IT IS maybe not a placename that appears on a lot of maps – especially now with the advent of the new road name and number postal system – but Killesher in the south of the county, roughly halfway between Enniskillen and the Cavan border, is a thriving little rural community where there’s more going on that might first meet the eye.
And at the heart of the community is the Killesher Community Development Association, whose secretary Desmond Reid – better known as director of reguatory services with Fermanagh District Council – speaks with pride about what it has achieved.
The group was formed 20 years ago this year, and Desmond summed up the past 20 years with a positive line, ‘I think we’ve been very successful with what we’ve done’.
Killesher parish has roughly 500 houses – and locals described the community as having always had close to a 50:50 religious make-up.
The boundaries of the modern Catholic and Church of Ireland parishes are virtually identical with those of the ancient parish, and now, there are two Church of Ireland churches: The parish church (St John’s) in Tullyhona and a chapel-of-ease in Druminiskill.
There are two Catholic churches: One known as Killesher (or the Crossroads) in Derrylester and one in Wheathill. There is also a Methodist church and a Gospel Hall.
While there used to be at least seven schools in the parish – there are now just two primary schools and a cross-community pre-school.
Killesher Community Development Association (KCDA) was established in March 1994 and the very first meetings took place in the two local primary schools.
“It was set up as the members from both sides of the local community felt the area was being left behind regarding to European funding, lack of social and physical services and infrastructure improvements,” explained Desmond.
“Due to the association being set up, £1.5m has been brought down into the area, most of it through the association.”
Projects carried out by the association have included: the restoration of the Killesher Old Graveyard; facilitating the Rural Housing Association in the development of much-needed social housing which helped ensure that people could continue to live within the local area; and the establishment of the community transport organisation known as Rural Lift for south-west Fermanagh.
But, the group cites its most significant achievement as the ‘Tully Mill project’.
This consisted of the restoration of a derelict 18th Century water-power cornmill into a licensed restaurant, the construction of Benaughlin Cottages self-catering tourist accommodation facilities and the creation of the Larganess Centre, a neutral community venue, all on the Tully Mill site, for the use of members of the local community and visitors from further afield.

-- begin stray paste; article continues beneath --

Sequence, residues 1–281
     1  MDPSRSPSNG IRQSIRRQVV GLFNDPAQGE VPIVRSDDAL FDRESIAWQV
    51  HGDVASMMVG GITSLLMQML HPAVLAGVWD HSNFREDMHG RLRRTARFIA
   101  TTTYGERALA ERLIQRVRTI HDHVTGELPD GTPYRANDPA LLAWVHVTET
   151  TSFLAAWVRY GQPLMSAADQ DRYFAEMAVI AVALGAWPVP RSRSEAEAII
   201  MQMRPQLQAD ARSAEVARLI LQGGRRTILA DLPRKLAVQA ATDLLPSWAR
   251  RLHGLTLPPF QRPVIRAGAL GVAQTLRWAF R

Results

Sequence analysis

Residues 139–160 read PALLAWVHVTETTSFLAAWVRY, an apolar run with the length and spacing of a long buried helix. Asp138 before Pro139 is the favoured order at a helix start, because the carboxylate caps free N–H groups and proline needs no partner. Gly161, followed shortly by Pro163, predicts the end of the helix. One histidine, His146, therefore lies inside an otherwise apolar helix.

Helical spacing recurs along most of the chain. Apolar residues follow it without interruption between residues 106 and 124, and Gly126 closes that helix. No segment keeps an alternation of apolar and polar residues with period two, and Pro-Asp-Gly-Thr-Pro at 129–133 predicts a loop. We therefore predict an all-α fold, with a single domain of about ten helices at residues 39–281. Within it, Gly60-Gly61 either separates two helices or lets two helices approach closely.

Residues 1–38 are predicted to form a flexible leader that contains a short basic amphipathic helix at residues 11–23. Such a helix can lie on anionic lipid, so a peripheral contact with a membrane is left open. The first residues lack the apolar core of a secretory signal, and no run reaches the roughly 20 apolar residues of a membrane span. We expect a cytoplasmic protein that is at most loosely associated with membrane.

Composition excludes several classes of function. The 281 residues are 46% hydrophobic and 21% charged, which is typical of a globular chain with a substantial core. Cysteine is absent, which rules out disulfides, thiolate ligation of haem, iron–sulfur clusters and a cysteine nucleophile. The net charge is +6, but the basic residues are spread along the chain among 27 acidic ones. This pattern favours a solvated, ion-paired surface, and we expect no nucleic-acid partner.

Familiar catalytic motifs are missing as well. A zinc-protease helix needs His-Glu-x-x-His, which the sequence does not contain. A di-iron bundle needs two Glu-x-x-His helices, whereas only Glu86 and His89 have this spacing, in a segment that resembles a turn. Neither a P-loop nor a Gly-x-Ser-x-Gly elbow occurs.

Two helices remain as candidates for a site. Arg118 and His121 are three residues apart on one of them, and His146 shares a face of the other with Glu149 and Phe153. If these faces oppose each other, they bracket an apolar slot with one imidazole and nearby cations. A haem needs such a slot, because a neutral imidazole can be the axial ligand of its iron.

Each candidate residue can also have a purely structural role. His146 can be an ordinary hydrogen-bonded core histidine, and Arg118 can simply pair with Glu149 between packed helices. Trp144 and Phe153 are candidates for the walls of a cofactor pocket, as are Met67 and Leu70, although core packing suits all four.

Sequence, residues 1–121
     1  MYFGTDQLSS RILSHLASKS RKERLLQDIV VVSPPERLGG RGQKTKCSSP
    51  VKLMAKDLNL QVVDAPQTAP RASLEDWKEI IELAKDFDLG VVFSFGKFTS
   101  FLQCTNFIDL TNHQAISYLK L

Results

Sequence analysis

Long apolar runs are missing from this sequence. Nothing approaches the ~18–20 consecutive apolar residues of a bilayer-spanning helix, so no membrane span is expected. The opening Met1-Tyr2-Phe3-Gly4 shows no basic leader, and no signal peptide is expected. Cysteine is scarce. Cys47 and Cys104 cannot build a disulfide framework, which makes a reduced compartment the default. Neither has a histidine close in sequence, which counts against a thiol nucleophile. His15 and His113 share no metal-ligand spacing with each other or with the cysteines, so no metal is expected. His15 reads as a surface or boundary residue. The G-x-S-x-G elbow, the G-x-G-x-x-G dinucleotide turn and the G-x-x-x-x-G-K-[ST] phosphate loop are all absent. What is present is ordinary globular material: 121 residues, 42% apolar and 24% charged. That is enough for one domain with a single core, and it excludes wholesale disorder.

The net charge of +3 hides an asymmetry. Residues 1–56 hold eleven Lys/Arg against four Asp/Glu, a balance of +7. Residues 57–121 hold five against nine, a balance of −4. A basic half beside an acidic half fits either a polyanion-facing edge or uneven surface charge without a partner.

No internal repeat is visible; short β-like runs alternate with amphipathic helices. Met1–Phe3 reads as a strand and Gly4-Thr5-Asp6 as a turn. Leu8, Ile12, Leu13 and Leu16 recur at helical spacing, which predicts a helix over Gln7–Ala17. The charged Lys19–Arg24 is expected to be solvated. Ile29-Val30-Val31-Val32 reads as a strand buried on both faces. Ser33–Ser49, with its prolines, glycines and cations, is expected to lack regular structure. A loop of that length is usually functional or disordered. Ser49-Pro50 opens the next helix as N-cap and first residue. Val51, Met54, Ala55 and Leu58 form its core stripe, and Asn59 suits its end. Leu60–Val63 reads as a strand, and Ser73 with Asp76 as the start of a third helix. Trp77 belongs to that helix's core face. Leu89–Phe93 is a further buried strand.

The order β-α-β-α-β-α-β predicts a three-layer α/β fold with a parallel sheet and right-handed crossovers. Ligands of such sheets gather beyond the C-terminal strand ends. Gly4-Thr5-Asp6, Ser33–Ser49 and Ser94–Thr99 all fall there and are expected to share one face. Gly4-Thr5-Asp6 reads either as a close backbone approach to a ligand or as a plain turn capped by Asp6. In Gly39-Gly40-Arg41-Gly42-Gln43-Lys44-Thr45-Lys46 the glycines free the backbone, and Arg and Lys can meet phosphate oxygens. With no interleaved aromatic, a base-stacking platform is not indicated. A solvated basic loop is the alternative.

The community is not without its problems, however, as Desmond explained.
“The issues starting off would be the lack of facilities, the threat to our schools due to a fall in the population.
“Though we probably have been very lucky in that schools in Killesher area have benefited from a fairly good increase in new housing and new families coming into the area – so that has enabled the schools to be sustained, and continue to be able to operate.
“What’s very important from a job creation element is the Marble Arch Caves, and Gortatole activity centre – we’ve had new infrastructure with a new doctor’s surgery and a new chemist in the area which are good positive vibes for the community.”
However the local shop closed down around three years ago and that undoubtedly was a big loss to local people.
“It was a hub of the community, with a post office, the groceries – the closest would be Letterbreen, but most people are going into Enniskillen anyway which is the main reason it closed, everyone goes into the town for their shopping.”
And he also described emigration as an ‘ongoing issue’.
“As in all areas, but again I would think – the great thing about, say, the Marble Arch Caves, there’s summer opportunities for the young people, it’s a great character building opportunity – and there are staff there, and in Gortatole and in the National Trust property at Florencecourt. So there are opportunities for some jobs in the local community, but emigration continues to be a problem.”
Most of these are issues beyond the control of the community association, whose work to date has been admirable.
“We would, I think, have been very successful with what we’ve done.
“We would hope that the community continues to thrive, we would hope to set up more youth orientated organisations. There’s very little for the youth in the area, so we’d hope they’d take the lead in the the running of those things.
“We have the infrastructure, we have the meeting place, we have good rapport, excellent support from all the community, so we’re looking ahead to the future.”